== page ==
2. Open the robots.txt file for editing. If necessary, download the file and open it in a local text editor.
3. Find the Paths (clean URLs) section and the Paths (no clean URLs) section. Note that both sections appear whether you've turned on clean URLs or not. Drupal covers you either way. They look like this:
# Paths (clean URLs)
# Paths (no clean URLs)
4. Duplicate the two sections (simply copy and paste them) so that you have four sections—two of the # Paths (clean URLs) sections and two of # Paths (no clean URLs) sections.
5. Add 'fixed!' to the comment of the new sections so that you can tell them apart.
6. Delete the trailing / after each Disallow line in the fixed! sections. You should end up with four sections that look like this:
# Paths (clean URLs)
# Paths (no clean URLs)
# Paths (clean URLs) – fixed!
# Paths (no clean URLs) – fixed!
7. Save your robots.txt file, uploading it if necessary, replacing the existing file (you backed it up, didn't you?).
8. Go to http://www.yourDrupalsite.com/robots.txt and double-check that your changes are in effect. You may need to do a refresh on your browser to see the changes. Now your robots.txt file is working as you would expect it to.
Additional changes to the robots.txt file
Using directives and pattern matching commands, the robots.txt file can exclude entire sections of the site from the crawlers like the admin pages, certain individual files like cron.php, and some directories like /scripts and /modules.
In many cases, though, you should tweak your robots.txt file for optimal SEO results. Here are several changes you can make to the file to meet your needs in certain situations:
• You are developing a new site and you don't want it to show up in any search engine until you're ready to launch it. Add Disallow: * just after the User-agent:
• Say you're running a very slow server and you don't want the crawlers to slow your site down for other users. Adjust the Crawl-delay by changing it from 10 to 20.
• If you're on a super-fast server (and you should be, right?) you can tell the bots to bring it on! Change the Crawl-delay to 5 or even 1 second. Monitor your server closely for a few days to make sure it can handle the extra load.
• Say you're running a site which allows people to upload their own images but you don't necessarily want those images to show up in Google. Add these lines at the bottom of your robots.txt file:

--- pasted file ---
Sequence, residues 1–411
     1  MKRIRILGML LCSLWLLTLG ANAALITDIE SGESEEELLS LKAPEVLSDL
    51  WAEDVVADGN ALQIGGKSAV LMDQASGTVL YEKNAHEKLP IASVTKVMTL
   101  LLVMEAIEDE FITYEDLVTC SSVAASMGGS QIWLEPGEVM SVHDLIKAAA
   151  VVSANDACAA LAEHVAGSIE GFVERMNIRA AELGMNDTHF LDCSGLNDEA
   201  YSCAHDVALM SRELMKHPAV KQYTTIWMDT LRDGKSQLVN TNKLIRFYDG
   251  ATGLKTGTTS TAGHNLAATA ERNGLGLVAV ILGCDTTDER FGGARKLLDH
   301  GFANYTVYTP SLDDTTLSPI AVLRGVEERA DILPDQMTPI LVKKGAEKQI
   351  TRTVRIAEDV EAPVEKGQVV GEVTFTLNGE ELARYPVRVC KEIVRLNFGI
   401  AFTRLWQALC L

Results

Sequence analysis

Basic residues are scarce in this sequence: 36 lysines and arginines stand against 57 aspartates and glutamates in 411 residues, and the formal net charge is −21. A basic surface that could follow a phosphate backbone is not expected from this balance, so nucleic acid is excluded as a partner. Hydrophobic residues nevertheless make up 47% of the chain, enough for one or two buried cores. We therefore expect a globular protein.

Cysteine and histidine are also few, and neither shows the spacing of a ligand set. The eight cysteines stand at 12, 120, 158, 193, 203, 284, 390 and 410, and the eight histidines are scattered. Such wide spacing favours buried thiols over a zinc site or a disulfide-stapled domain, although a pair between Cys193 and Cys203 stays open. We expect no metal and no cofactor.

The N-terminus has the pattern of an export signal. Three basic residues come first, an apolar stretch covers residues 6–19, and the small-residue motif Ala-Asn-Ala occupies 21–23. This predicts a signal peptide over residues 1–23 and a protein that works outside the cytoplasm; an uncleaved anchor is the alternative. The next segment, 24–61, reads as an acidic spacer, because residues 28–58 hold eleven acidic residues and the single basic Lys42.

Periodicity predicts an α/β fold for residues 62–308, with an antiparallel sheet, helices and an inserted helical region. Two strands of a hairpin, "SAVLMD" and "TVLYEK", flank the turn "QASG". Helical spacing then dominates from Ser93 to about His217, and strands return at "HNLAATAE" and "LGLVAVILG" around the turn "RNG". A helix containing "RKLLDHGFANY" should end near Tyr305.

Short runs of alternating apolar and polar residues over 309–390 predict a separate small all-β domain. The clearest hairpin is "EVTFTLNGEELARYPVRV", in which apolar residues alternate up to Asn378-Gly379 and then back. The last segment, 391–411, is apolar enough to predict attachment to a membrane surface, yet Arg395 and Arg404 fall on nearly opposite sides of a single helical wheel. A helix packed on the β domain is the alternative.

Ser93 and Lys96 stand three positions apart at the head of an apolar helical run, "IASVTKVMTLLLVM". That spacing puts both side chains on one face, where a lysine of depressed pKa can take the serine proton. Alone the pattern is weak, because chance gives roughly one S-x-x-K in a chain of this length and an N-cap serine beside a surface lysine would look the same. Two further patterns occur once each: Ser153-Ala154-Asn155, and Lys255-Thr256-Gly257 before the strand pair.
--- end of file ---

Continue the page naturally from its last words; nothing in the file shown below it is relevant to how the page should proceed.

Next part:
If all of the files were in the /files/users/images/ directory, you could do this:
• Say you noticed in your server logs that there was a bad robot out there that was scraping all your content. You can try to prevent this by adding this to the bottom of your robots.txt file: User-agent: Bad-Robot Disallow: *
• If you have installed the XML Sitemap module, then you've got a great tool that you should send out to all of the search engines. However, it's tedious to go to each engine's site and upload your URL. Instead, you can add a couple of simple lines to the robots.txt file.
Adding your XML Sitemap to the robots.txt file
Another way that that the robots.txt file helps you search engine optimize your Drupal site is by allowing you to specify where your sitemaps are located. While you probably want to submit your sitemap directly to Google and Bing, it's a good idea to put a reference to it in the robots.txt file for all of those other search engines.
You can do this by carrying out the following steps:
1. Open the robots.txt file for editing.
2. The sitemap directive is independent of the User-agent line, so it doesn't matter where you place it in your robots.txt file.
4. Save your robots.txt file, uploading it if necessary, replacing the existing file (you backed it up, didn't you?). Go to http://www.yoursite.com/robots.txt and double-check that your changes are in effect. You may need to perform a refresh on your browser to see the changes.
For help with your Drupal XML sitemap, check out my other post about it: X(ML) Marks the Spot: Your Drupal SEO Guide to XML Sitemaps.
Thanks For Reading!